Paul Rose



College: College of Life and Environmental Sciences
Discipline: Psychology
Department: College of Life & Environmental Sciences
Research Centre/Unit: Centre for Research in Animal Behaviour

I am a zoo biologist with a particular interest in ungulates and non-passerine birds. My background is predominantly in behaviour and welfare of captive animals, and how the zoo environment can affect the types of behaviour displayed by those animals that are kept in captivity. My focus on zoo research came about during my undergraduate degree at Imperial College London (BSc Animal Science) where I researched the effect of dietary change on the performance of normal and abnormal behaviours in captive giraffe. I continued to investigate the links between management, provision and health / welfare during my MSc at the Royal Veterinary College (MSc Wild Animal Biology) where I conducted a national study of giraffe dietary husbandry and cause of death. Aside of my teaching at Exeter, I am currently an Associate Lecturer for the University of Portsmouth and since 2007 I have conducted a longitudinal study at Marwell Wildlife, in Hampshire, investigating the social structure of the giraffe herd at this zoo and the importance of social bonds to the individual animals.

This research has lead into my PhD project here at CRAB where I am examining the broader topic of the relevance and importance of social networks in captive species, and any associated implications for zoo animal husbandry and welfare. Currently, in conjunction with the Wildfowl & Wetlands Trust (WWT) at Slimbridge I am researching the social organisation of captive flamingos, as well as the roles that invididuals birds play within a flock. I am also interested in communication and vocalisation in flamingos, and I plan to investigate the importance of contact calls and group vocalisation to performance of reproductive displays.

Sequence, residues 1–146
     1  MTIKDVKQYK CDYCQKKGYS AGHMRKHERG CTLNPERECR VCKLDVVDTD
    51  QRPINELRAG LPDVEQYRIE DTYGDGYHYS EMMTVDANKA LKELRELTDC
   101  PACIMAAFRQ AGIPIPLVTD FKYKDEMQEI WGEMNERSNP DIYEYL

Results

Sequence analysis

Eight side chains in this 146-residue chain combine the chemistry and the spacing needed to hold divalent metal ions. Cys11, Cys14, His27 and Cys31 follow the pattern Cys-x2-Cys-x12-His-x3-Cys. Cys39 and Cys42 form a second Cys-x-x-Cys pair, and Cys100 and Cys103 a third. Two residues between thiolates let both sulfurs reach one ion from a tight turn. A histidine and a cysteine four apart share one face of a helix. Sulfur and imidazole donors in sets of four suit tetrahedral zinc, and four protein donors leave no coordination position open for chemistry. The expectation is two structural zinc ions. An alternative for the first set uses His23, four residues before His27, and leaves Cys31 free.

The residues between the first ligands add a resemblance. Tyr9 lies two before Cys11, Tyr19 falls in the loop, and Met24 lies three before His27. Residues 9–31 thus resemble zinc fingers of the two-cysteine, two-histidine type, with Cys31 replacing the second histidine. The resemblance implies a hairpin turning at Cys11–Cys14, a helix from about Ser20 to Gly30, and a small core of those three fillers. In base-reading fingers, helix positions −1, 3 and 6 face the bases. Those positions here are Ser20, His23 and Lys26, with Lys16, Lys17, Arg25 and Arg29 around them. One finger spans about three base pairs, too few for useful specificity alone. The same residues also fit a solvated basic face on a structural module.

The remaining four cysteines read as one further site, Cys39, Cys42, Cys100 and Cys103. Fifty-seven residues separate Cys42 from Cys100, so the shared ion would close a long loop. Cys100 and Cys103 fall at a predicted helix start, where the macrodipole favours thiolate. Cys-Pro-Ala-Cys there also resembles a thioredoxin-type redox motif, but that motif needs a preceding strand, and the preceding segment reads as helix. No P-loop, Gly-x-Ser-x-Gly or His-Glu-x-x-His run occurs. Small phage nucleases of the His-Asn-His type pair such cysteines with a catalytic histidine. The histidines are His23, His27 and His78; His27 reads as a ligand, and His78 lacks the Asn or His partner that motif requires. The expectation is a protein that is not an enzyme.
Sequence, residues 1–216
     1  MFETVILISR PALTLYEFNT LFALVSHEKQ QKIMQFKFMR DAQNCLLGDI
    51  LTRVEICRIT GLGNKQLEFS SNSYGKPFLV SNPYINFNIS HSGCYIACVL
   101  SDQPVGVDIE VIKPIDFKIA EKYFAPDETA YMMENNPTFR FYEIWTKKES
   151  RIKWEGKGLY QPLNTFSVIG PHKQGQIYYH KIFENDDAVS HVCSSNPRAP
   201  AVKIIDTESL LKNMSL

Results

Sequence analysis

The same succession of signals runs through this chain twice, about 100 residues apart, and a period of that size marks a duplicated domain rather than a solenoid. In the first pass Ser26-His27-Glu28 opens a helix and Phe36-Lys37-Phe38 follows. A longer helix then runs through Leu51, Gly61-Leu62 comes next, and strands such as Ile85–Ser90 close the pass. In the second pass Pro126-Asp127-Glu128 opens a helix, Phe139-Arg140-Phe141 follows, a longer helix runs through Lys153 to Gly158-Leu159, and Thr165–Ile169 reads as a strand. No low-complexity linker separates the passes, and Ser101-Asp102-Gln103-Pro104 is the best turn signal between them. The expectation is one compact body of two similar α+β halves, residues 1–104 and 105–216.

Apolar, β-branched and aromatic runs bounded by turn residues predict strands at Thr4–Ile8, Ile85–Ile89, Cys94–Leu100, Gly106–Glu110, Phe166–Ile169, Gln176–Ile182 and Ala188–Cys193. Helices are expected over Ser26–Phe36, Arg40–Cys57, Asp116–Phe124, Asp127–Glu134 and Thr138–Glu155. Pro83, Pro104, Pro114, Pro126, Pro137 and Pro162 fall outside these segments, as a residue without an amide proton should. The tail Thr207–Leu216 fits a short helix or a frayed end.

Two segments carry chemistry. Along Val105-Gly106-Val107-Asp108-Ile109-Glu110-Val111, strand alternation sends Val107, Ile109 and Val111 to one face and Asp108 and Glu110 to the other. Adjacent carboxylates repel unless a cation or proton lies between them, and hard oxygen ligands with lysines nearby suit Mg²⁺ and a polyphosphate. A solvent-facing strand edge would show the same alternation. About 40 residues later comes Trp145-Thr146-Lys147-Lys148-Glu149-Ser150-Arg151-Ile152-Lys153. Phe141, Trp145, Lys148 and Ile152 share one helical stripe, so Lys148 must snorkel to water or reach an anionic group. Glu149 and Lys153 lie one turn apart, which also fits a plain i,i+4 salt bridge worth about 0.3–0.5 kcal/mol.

I am also researching enclosure usage and breeding behaviour of captive flamingos to help further evidence base the husbandry techniques used for this most popular of zoo-housed birds. Several collections across the UK and Europe are helping me with data collection.

I also intend to analyse the movements of captive giraffe required by breeding decisions made by the studbook to see if reproductive success is influenced by movement and social upheavel during an individual's lifetime.

I am a member of the IUCN Giraffe & Okapi Working Group, the IUCN/SSC Flamingo Specialised Group, the BIAZA Research Committee and I am the Research Liaison Officer for the BIAZA Bird Working Group. I also sit on the Formal Learning Advisory Group for the Wildfowl and Wetlands Trust, and I am a member of the International Association of Giraffe Care Professionals. I am a professional member of the Association of British and Irish Wild Animal Keepers. I hope that my research will ultimately be useful to those managing captive populations with regard to i) exhibit design and enclosure layout, ii) decisions made on group changes and iii) planning and implementation of captive breeding initiatives.

I would be interested to hear from anyone working in the zoo industries who is working with giraffe and flamingos, as well as from those researchers who are also investigating similar species / areas of zoo animal behaviour and husbandry. Please do drop me a line if you're interested in helping with my data collection.

To find about more about my project please follow: or